Last week, to some fanfare online, ESPN published a list of Boxing’s top 25 under 25. It did what lists like that are supposed to do, celebrating what boxing has around the corner and giving readers something to talk and debate about.
The list was topped by lightweight champion Teofimo Lopez with Shakur Stevenson, who impressed last Saturday in winning a Jr. lightweight belt from Jamel Herring, right behind him. It doesn’t take long to find someone who will tell you the man who came in seventh is the one who will emerge from the pack as the leader of the era.
Welterweight Jaron Ennis (27-0, 25 KO) goes to scratch this Saturday against veteran Thomas Dulorme on the undercard of Jamal James-Radzhab Butaev (Showtime, 10 PM EST).
Lopez has earned his stripes in a bigger way than anyone his age so far. He is as much boxing’s present as its future with room to grow or plateau. The other under 25s are moving along nicely and when one puts it all together, the one thing we know is for most of this promising talent, we really don’t know for sure yet.
Boxing’s future isn’t all the way here yet.
Let that be the fun.
Knowing boxing has so much to look forward to is a victory in itself but, as the content volume era ceaselessly expands, it’s easy for impatience to set in. Sports fans have always wanted to see greatness in their time and they always do.
It can feel like there is even more of a rush to see it today before we get there. It’s almost inherent. The demand for content, for something to talk about, write about, is high.
That thought came up while watching Stevenson put in his work last week. When Lopez defeated Vasyl Lomachenko last year, it fed into a narrative about the possibility of a 21st century ‘fab four’ around the lightweight division featuring Lopez, Devin Haney, Ryan Garcia, and Gervonta Davis. The soonest we will see any combination of those four is 2022 but there was always a small flaw in the pre-grouping of those four.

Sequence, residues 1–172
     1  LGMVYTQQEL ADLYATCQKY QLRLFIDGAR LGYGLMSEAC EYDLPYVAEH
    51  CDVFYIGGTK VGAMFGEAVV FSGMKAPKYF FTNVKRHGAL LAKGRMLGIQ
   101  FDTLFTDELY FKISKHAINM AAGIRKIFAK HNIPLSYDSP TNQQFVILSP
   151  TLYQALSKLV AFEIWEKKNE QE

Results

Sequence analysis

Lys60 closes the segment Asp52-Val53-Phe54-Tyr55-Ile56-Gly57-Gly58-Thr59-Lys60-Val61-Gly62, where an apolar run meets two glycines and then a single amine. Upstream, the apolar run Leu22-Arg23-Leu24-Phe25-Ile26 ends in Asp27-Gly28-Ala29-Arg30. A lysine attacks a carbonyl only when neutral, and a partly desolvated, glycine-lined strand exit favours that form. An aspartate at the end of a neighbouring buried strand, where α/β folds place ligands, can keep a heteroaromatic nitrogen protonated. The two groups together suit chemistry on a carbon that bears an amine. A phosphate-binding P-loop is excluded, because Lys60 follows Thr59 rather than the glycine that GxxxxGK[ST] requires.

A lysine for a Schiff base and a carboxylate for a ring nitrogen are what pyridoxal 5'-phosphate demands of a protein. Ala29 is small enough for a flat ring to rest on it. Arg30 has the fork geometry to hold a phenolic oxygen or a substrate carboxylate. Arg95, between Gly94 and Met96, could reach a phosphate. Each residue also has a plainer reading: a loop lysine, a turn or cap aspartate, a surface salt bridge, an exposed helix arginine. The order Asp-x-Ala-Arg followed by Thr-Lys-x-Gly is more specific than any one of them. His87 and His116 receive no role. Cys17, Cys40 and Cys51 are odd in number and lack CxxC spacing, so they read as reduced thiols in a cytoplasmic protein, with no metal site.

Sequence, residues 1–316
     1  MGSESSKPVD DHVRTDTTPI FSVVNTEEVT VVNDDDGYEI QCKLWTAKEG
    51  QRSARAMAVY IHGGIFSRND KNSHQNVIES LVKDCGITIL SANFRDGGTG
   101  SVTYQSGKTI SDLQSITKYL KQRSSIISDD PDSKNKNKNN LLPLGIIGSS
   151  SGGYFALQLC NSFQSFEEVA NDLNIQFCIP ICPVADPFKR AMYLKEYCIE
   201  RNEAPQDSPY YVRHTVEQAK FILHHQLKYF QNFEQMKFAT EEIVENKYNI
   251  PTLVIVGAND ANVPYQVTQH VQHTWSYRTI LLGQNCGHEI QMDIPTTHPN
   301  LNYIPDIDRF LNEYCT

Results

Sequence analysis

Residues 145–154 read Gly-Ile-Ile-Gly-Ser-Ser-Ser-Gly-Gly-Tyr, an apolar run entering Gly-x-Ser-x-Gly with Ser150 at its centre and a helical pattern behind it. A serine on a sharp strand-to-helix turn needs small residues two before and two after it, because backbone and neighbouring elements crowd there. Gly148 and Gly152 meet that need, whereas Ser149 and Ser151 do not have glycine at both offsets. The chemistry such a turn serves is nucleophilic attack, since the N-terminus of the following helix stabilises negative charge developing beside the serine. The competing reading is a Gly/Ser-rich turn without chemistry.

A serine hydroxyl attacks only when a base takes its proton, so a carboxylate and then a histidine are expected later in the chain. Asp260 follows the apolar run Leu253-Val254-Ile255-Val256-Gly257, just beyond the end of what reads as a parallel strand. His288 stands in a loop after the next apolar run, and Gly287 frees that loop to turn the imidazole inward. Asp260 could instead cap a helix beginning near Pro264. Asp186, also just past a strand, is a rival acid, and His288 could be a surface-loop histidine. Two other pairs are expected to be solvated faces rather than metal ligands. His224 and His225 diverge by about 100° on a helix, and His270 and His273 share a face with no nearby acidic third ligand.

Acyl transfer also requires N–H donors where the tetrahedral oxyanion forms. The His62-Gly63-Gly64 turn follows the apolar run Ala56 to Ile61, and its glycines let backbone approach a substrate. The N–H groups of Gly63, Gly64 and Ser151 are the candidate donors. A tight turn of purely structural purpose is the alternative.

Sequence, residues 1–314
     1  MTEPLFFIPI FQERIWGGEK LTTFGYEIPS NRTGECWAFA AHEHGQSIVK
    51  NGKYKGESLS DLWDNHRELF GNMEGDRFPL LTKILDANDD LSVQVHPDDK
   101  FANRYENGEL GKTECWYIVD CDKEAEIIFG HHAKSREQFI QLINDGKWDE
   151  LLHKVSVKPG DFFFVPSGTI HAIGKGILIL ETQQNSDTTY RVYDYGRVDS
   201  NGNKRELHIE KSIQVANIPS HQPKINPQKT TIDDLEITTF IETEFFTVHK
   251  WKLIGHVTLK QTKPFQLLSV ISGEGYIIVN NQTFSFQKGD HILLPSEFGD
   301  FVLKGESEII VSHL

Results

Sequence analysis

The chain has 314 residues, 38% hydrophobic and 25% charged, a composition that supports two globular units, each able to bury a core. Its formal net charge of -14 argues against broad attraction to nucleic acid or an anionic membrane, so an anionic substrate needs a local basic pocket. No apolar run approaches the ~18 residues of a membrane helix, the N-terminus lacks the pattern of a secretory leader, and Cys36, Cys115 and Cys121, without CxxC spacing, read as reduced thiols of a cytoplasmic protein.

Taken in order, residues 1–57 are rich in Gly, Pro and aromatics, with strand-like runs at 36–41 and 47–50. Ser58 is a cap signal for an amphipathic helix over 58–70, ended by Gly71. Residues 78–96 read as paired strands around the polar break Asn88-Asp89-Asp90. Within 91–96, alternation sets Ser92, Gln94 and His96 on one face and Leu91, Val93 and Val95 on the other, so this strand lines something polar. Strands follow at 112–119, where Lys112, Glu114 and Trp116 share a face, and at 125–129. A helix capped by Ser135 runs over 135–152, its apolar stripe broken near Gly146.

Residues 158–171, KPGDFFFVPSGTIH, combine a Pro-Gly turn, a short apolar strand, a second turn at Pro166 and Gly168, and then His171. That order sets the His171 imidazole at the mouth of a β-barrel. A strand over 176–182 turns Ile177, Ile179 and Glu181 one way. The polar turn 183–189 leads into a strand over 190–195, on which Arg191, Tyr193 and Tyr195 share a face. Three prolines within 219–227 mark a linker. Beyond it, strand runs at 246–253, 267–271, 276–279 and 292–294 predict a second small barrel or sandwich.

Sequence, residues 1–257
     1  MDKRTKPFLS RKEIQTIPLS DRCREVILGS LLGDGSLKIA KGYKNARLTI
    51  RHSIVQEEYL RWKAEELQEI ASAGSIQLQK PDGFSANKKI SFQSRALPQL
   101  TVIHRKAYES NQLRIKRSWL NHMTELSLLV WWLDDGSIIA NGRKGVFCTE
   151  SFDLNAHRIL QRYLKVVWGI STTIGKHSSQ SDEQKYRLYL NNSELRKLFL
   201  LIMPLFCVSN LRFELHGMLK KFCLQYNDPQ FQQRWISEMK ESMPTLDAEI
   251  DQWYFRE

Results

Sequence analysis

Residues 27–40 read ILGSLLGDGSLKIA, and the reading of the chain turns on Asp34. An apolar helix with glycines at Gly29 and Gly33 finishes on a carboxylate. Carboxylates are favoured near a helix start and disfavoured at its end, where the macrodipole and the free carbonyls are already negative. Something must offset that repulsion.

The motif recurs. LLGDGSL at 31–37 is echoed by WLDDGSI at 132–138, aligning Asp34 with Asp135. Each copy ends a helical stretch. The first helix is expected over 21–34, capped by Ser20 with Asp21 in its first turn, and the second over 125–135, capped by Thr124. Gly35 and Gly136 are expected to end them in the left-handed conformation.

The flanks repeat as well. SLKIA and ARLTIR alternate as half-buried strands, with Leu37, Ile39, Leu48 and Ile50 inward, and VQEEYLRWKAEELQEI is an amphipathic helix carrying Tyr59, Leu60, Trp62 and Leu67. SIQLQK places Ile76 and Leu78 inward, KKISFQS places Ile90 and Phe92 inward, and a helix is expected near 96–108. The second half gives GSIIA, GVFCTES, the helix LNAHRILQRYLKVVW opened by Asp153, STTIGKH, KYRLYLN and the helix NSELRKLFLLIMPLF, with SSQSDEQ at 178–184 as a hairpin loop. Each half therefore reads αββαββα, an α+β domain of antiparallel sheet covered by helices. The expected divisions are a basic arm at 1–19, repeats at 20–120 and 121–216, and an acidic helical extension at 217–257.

The flaw was in ignoring a Stevenson who will be in all of their weight ranges sooner than larger. Likely as flawed was not taking another current Jr. lightweight, Chris Colbert, into account.
There really is a lot of good young talent from 130 to 140 lbs right now.
In five to ten years, we will know what we didn’t know now. Some of the perceived best talents in the world right now under 25, and several more like Davis and Naoya Inoue and Stephen Fulton who are not yet 30, will be past their best or wrapping their best years up. What they did, how they fared against the best of their time, will be laid bare.
There won’t be any wonder about whether we will see greatness anymore. At that point, we can begin to assess who proved greatness in the end. We’ll know who added to the list of great rivalries, who set new box office standards, and who should be grouped together as the tentpoles of their time.
And we will find out. It’s going to get here and the wait to start to see fights like, maybe someday, Davis-Lopez, Haney-Garcia, or Inoue-Fulton won’t feel long anymore because it will be over and the past sort of works like that. Once upon a time, fans waited three years to see Ali and Frazier for the first time. Now that whole story can be told in an hour or less.
Boxing’s next future is still arriving right now and the fights that will define it have yet to occur. It’s a healthy thing to have so many fights to speculate about for at least a little longer.
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Cliff Rold is the Managing Editor of BoxingScene, a founding member of the Transnational Boxing Rankings Board, a member of the International Boxing Research Organization, and a member of the Boxing Writers Association of America.